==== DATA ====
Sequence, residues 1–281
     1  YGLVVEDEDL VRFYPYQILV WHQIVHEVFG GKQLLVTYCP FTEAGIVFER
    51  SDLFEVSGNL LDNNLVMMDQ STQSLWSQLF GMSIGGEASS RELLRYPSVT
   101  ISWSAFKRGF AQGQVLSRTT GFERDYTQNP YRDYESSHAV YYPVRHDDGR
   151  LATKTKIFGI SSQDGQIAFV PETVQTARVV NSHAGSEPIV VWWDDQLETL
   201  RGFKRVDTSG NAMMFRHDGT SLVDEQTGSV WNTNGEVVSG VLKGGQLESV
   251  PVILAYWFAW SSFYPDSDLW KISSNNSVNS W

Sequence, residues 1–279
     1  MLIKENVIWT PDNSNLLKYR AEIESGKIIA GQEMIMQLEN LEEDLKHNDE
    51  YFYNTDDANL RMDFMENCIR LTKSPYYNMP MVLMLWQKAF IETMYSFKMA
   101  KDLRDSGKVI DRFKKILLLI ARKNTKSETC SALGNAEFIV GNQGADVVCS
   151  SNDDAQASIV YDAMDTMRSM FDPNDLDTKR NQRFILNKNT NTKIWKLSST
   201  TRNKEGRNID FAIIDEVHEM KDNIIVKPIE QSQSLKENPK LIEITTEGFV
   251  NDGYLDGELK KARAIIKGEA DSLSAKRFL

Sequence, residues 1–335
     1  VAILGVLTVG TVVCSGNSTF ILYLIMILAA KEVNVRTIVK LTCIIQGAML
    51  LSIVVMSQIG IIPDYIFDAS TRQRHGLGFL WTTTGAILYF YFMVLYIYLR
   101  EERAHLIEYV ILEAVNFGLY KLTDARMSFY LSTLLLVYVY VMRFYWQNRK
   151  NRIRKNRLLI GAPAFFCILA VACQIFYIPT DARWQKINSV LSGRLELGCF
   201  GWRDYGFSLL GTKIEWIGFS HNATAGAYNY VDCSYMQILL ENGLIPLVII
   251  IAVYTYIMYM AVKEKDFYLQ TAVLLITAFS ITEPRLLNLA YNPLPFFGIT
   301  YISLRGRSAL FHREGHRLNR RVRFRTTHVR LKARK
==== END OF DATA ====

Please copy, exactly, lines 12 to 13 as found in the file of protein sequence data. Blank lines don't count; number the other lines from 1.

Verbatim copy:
   151  SNDDAQASIV YDAMDTMRSM FDPNDLDTKR NQRFILNKNT NTKIWKLSST
   201  TRNKEGRNID FAIIDEVHEM KDNIIVKPIE QSQSLKENPK LIEITTEGFV